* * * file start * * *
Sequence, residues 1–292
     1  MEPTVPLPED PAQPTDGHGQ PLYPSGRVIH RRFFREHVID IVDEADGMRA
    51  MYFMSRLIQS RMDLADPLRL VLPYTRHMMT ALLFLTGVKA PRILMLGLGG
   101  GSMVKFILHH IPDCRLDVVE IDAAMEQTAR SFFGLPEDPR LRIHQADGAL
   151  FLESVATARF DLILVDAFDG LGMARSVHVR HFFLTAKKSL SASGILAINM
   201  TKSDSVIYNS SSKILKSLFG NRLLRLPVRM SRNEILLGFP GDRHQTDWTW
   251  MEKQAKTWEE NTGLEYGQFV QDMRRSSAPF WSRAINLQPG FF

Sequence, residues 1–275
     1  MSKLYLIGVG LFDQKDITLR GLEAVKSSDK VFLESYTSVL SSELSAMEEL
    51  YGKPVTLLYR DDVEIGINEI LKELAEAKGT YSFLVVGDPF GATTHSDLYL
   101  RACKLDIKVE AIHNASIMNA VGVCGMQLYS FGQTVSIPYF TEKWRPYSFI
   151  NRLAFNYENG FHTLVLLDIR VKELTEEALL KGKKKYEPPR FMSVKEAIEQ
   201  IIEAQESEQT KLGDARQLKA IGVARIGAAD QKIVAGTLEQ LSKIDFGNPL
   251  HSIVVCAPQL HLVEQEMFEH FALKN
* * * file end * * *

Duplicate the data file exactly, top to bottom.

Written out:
Sequence, residues 1–292
     1  MEPTVPLPED PAQPTDGHGQ PLYPSGRVIH RRFFREHVID IVDEADGMRA
    51  MYFMSRLIQS RMDLADPLRL VLPYTRHMMT ALLFLTGVKA PRILMLGLGG
   101  GSMVKFILHH IPDCRLDVVE IDAAMEQTAR SFFGLPEDPR LRIHQADGAL
   151  FLESVATARF DLILVDAFDG LGMARSVHVR HFFLTAKKSL SASGILAINM
   201  TKSDSVIYNS SSKILKSLFG NRLLRLPVRM SRNEILLGFP GDRHQTDWTW
   251  MEKQAKTWEE NTGLEYGQFV QDMRRSSAPF WSRAINLQPG FF

Sequence, residues 1–275
     1  MSKLYLIGVG LFDQKDITLR GLEAVKSSDK VFLESYTSVL SSELSAMEEL
    51  YGKPVTLLYR DDVEIGINEI LKELAEAKGT YSFLVVGDPF GATTHSDLYL
   101  RACKLDIKVE AIHNASIMNA VGVCGMQLYS FGQTVSIPYF TEKWRPYSFI
   151  NRLAFNYENG FHTLVLLDIR VKELTEEALL KGKKKYEPPR FMSVKEAIEQ
   201  IIEAQESEQT KLGDARQLKA IGVARIGAAD QKIVAGTLEQ LSKIDFGNPL
   251  HSIVVCAPQL HLVEQEMFEH FALKN